Dedicated Servers in Gears of War 3

Report
Dedicated Servers in Gears of War 3
Scaling to Millions of Players
Michael Weilbacher
Development Manager, Microsoft Studios
Introductions
Michael Weilbacher
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Technical Development Manager at Microsoft
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1.5 years at Microsoft
16.5 years in the game industry
Shipped games:
●Gears
of War 3, Magic the Gathering: Tactical,
●Mortal Kombat: Deception to Mortal Kombat vs. DC Universe,
●John Woo presents Stranglehold, NBA Ballers, Blitz, MLB Slugfest, Psi-Ops: The Mindgate
Conspiracy,
●NASCAR 02-03, Madden NFL 97-03, NCAA Football 97-02 and some more….
Topics – From the beginning to the end
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What are/why dedicated servers
The consumer experience
The associated cost
Game code decisions
Administering the servers
Implementation rollout
Out in the wild
Gears of war 3 dedicated
Trends and the future
servers
What are dedicated servers?
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32-bit headless client instance without renderer/user input
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Multiple clients hosted on a single server
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Servers hosted in a datacenter
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Multiple datacenters worldwide support the community
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Software infrastructure that ties it all together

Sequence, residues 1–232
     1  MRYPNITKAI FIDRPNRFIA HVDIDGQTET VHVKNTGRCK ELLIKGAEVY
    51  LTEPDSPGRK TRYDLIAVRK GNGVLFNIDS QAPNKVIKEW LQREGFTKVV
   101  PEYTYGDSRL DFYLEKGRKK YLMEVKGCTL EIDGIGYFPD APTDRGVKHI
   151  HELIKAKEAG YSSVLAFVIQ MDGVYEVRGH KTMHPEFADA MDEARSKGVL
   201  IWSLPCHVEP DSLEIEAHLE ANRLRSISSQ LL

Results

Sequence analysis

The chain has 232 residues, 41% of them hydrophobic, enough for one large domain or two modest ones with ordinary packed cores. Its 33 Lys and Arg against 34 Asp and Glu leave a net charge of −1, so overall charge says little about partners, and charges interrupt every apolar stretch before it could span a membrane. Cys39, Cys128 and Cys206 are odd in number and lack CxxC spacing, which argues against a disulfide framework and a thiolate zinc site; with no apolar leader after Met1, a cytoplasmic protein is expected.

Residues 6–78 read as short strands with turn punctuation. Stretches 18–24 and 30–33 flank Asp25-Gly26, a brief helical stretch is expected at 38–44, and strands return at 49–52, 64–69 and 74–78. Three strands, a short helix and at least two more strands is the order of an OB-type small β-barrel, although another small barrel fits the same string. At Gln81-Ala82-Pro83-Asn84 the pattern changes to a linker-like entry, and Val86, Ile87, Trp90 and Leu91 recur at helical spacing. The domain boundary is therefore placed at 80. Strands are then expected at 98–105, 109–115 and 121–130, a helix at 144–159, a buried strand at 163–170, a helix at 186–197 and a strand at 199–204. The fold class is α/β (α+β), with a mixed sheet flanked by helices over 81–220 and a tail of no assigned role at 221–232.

What are / why dedicated servers
Why dedicated servers?
Best game experience
Addresses Gears 2 problems
Datacenters provide high bandwidth, low
latency
 Increased host performance
 Consistency between games
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Prevent host latency advantages
Reduce host quitting and game
interruption
Cheaters and lag switches
Community perception/expectations
Decided against distributing the server to the public
 Reduces problem scope
 Security concerns
 Control the experience with consistent performance/bandwidth
 The downside of hosting is the increase to the game cost
What are / why dedicated servers
Overview of our datacenters
Four large datacenters
Four small datacenters
Over 900 servers worldwide
Average ~70 users per core
What are / why dedicated servers
What is our latency tolerance?
< 150ms is playable, 50-90 is best
Average case after launch at datacenters
were 75 ms
Able to tweak by region
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Oceania / Asia requirements relaxed
slightly after launch
During development
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Playtest labs tested worst case
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Artificial latency >200ms